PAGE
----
It’s a hot one in the city! Hot enough, as they say, to fry an egg! Well..I’m no myth buster, so I’m not sure if you can in fact fry an egg on a hot sidewalk or road, but it’s hot all the same.
Personally I’m loving it, I love the heat, I’m a summer baby, but I also escape from time to time inside to a nice cool air-conditioned house as well. ~smiles~ today though, they say it’s gonna be an even hotter of the hot days. These must be the dog-days-of-summer! Ever wonder where that phrase came from?
“Dog Days” (Latin: diēs caniculārēs) are the hottest, most sultry days of summer. In the northern hemisphere, they usually fall between early July and early September. In the southern hemispherethey are usually between January and early March. The actual dates vary greatly from region to region, depending on latitude and climate. Dog Days can also define a time period or event that is very hot or stagnant, or marked by dull lack of progress. The name comes from the ancient belief that Sirius, also called the Dog Star, in close proximity to the sun was responsible for the hot weather.
The Romans referred to the dog days as diēs caniculārēs and associated the hot weather with the star Sirius. They considered Sirius to be the “Dog Star” because it is the brightest star in the constellation Canis Major (Large Dog). Sirius is also the brightest star in the night sky. The term “Dog Days” was used earlier by the Greeks (see, e.g., Aristotle’s Physics, 199a2).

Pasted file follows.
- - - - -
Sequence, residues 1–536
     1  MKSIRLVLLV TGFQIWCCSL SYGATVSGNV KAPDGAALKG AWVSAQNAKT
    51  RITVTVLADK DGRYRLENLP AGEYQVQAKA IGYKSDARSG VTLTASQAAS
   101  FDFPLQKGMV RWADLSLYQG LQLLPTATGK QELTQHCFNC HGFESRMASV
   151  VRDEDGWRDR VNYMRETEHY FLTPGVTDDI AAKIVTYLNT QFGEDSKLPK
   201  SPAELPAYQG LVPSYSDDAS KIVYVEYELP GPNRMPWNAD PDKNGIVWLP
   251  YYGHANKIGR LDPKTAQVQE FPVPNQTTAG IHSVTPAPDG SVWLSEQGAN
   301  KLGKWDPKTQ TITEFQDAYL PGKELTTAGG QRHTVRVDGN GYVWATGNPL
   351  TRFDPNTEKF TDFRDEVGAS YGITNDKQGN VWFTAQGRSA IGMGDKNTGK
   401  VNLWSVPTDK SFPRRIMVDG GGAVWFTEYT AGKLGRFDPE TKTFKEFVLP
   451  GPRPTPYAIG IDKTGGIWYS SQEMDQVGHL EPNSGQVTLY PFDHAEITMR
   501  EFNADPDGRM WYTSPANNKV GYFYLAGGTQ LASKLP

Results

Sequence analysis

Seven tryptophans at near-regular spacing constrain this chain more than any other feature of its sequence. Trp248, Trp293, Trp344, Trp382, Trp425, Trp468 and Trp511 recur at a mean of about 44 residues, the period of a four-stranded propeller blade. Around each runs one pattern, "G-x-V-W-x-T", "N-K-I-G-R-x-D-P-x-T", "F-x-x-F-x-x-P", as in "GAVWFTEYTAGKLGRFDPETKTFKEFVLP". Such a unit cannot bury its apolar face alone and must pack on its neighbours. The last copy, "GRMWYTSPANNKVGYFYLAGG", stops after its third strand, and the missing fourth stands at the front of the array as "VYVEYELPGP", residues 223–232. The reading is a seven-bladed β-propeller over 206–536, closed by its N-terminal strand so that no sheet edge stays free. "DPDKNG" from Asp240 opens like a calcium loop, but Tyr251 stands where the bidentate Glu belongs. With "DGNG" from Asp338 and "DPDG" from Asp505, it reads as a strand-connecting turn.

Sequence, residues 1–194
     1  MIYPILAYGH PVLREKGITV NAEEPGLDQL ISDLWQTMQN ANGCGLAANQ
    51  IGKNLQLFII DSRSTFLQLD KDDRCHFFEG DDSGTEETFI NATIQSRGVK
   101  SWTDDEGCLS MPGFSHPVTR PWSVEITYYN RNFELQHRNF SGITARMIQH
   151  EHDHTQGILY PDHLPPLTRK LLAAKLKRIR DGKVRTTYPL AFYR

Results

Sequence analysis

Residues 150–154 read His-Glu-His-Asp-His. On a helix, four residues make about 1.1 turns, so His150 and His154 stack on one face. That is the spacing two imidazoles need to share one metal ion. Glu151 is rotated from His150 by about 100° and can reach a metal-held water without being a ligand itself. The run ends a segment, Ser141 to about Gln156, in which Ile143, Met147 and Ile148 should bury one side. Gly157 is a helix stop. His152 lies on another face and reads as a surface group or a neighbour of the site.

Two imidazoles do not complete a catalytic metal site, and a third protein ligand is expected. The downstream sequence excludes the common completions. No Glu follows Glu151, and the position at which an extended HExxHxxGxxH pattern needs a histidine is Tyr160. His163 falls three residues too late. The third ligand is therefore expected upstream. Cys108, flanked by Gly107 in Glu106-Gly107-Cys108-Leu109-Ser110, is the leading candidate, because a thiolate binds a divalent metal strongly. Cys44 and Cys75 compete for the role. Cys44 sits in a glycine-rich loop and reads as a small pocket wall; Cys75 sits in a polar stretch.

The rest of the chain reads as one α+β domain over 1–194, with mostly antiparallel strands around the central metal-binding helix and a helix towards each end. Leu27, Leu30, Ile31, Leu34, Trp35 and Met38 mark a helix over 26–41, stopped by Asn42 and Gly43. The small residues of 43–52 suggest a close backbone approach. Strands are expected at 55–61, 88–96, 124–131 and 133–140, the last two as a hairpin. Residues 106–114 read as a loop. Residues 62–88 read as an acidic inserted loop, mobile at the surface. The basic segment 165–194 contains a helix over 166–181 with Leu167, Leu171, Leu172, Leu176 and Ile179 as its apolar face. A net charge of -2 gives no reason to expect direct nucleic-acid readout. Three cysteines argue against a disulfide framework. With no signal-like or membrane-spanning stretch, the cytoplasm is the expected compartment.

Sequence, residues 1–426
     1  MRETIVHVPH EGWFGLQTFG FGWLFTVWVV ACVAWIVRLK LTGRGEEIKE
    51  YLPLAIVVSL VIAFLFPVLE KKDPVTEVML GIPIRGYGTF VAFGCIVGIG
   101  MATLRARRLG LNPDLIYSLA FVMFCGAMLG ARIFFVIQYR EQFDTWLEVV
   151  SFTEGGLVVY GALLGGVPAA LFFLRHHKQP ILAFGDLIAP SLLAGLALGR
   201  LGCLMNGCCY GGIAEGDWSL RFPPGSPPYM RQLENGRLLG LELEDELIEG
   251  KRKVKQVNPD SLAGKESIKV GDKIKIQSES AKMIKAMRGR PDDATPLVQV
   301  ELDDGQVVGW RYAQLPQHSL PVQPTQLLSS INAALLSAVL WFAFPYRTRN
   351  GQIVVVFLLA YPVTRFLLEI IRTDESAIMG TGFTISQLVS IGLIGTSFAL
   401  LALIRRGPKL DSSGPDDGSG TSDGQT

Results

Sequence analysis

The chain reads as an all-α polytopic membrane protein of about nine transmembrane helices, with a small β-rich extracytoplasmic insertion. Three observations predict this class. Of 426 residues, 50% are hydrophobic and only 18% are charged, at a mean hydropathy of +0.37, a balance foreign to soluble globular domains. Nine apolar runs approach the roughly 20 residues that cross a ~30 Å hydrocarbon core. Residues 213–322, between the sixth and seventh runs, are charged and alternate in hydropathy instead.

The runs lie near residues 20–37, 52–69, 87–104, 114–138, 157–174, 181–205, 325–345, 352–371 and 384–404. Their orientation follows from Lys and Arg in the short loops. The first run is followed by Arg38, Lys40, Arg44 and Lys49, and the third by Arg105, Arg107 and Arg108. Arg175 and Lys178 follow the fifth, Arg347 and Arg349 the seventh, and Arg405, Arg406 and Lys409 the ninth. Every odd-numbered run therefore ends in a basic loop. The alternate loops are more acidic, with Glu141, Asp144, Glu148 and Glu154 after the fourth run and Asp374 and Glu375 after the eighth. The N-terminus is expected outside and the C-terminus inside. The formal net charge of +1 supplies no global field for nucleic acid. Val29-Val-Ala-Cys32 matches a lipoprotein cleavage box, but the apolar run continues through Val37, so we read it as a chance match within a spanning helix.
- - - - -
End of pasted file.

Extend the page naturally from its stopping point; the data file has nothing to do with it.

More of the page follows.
The Dog Days originally were the days when Sirius rose just before or at the same time as sunrise (heliacal rising), which is no longer true, owing to precession of the equinoxes. The Romans sacrificed a brown dog at the beginning of the Dog Days to appease the rage of Sirius, believing that the star was the cause of the hot, sultry weather.
Dog Days were popularly believed to be an evil time “when the seas boiled, wine turned sour, Quinto raged in anger, dogs grew mad, and all creatures became languid, causing to man burning fevers, hysterics, and phrensies” according to Brady’s Clavis Calendarium, 1813.
The modern French term for both this summer period (and for heat waves in general) “canicule”, derives from this same term. It means “little dog”, again referring to Sirius.
In Ancient Rome, the Dog Days extended from July 24 through August 24 (or, alternatively July 23-August 23). In many European cultures (German, French, Italian) this period is still said to be the time of the Dog Days.
The Old Farmer’s Almanac lists the traditional timing of the Dog Days as the 40 days beginning July 3 and ending August 11, coinciding with the ancient heliacal (at sunrise) rising of the Dog Star, Sirius. These are the days of the year when rainfall is at its lowest levels.
So here we are right dead center in the middle of the ‘dog days’ and man is Sirius a-barking…~giggles~ I couldn’t resist!
Love & Hugs